For two weeks this past winter, an abandoned Irish pub called The Barleycorn in Manhattan’s Financial District (FiDi) played unlikely host to an art exhibition. The through-block space, at the bottom of one of the neighborhood’s remnant warehouses, still bears traces of its former tenant: Signage is etched on plate glass windows and mirrors, and the chintzy decorative wood joinery remains in place, as does the extraordinarily long marble-topped bar (rumored to be the longest in the city). But what appealed to curators Bika Rebek, Matt Shaw, and Collin Clarke were the forlorn Barleycorn’s unusual proportions—narrow and deep—which recall the Arsenale, a former shipyard turned art venue in Venice, Italy. Leaving all the Eireann signifiers untouched, the trio installed works by the Brooklyn artist Joshua Citarella and architect Leah Wulfman, among several others, in situ.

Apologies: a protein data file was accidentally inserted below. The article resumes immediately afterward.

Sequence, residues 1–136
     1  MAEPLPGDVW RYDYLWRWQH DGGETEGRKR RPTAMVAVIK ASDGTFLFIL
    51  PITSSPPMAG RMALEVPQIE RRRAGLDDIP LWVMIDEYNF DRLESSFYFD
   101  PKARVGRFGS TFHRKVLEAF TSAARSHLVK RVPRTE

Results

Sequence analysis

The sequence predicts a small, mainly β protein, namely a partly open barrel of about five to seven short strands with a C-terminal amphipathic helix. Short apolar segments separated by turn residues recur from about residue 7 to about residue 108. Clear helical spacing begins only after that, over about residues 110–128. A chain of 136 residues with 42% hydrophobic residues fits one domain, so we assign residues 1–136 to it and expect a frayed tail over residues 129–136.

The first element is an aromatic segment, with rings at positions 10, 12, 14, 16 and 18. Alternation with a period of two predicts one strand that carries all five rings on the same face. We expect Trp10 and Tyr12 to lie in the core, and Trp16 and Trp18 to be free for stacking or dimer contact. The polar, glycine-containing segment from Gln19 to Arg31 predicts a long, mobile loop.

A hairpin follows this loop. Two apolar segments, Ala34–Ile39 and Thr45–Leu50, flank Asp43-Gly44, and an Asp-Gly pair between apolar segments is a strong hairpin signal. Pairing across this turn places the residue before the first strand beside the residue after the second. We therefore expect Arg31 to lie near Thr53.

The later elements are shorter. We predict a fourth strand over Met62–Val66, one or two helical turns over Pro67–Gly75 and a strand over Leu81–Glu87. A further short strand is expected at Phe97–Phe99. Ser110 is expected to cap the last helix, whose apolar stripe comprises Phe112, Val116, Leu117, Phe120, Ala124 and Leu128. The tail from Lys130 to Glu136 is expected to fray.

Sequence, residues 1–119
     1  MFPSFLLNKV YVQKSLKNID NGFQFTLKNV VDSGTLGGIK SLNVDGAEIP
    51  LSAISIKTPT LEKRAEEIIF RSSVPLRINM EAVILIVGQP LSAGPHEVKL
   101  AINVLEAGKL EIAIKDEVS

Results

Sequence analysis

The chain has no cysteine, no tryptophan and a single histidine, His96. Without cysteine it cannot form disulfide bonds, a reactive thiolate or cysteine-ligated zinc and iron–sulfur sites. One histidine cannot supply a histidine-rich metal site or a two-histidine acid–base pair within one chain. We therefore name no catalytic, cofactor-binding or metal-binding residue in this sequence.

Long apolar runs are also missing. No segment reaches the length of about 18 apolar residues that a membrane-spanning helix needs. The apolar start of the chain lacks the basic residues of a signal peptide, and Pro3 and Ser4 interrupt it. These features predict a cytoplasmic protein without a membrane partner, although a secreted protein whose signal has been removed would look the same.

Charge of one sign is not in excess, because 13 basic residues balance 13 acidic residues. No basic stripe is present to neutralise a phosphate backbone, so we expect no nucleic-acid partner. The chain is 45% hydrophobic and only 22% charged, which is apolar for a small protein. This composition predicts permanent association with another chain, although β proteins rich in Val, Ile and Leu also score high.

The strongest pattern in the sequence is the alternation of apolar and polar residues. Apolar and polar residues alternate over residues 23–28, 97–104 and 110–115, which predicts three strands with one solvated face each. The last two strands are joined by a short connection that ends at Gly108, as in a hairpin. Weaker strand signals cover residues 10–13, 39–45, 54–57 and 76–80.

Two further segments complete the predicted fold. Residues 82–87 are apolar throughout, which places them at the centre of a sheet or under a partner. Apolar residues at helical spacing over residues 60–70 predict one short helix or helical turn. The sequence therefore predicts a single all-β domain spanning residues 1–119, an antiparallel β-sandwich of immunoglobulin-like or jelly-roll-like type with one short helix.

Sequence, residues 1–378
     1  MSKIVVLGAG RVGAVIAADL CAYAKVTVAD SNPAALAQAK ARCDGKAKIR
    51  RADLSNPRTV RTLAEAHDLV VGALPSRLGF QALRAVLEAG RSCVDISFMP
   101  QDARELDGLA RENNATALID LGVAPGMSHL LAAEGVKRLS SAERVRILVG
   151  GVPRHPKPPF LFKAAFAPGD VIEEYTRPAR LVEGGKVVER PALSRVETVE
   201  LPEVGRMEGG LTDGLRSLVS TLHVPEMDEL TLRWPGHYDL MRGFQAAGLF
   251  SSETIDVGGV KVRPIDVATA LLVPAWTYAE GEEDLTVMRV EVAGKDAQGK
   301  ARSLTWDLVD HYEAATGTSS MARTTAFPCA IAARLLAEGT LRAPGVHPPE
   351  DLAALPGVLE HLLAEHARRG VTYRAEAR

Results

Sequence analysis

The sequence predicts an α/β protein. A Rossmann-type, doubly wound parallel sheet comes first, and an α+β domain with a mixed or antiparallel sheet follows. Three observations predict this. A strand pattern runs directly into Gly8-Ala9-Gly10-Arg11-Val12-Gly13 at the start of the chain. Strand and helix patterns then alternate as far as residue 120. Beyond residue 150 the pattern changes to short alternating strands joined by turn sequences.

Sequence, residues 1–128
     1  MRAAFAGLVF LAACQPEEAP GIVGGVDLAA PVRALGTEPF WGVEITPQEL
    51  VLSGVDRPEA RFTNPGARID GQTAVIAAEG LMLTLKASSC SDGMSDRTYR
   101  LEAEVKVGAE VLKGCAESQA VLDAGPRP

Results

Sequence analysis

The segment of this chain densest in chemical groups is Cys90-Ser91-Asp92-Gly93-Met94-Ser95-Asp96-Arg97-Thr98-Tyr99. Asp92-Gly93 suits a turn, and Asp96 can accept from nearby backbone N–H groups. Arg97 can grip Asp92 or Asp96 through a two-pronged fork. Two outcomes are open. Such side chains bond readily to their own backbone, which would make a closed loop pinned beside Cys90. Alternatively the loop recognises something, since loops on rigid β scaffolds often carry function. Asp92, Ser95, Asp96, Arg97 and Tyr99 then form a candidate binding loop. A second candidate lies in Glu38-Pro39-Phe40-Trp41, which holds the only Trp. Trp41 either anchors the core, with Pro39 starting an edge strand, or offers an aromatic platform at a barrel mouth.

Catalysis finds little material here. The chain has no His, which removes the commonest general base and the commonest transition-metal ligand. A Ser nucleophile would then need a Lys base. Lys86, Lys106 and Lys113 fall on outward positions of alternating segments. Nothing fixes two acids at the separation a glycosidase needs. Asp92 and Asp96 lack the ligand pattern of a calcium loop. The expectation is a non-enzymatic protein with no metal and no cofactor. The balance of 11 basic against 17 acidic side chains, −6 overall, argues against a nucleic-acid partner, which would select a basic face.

FiDi Arsenale was open for all of two weekends (appointments made necessary) when COVID-19 put New York City under lockdown, although it had originally been scheduled to run from February 28 through March 27, 2020. The curators had the foresight to make a digital scan of the space, art and all; they were greatly aided in this effort by Sudden Dev and Filip Kostic, who used a game engine to make the exhibition “playable.”
The strange one-off experiment has been preserved online in perpetuity at https://fidiarsenale.org/, where visitors can now wander through a digital simulacrum of the space and relive at least some of the show; the more “in-person” pieces, such as Stock-a-Studio’s climbable, neon-green assembly installation, or a virtual reality experience meant to be seen in a bathtub, however, remain out of reach for the digital patron.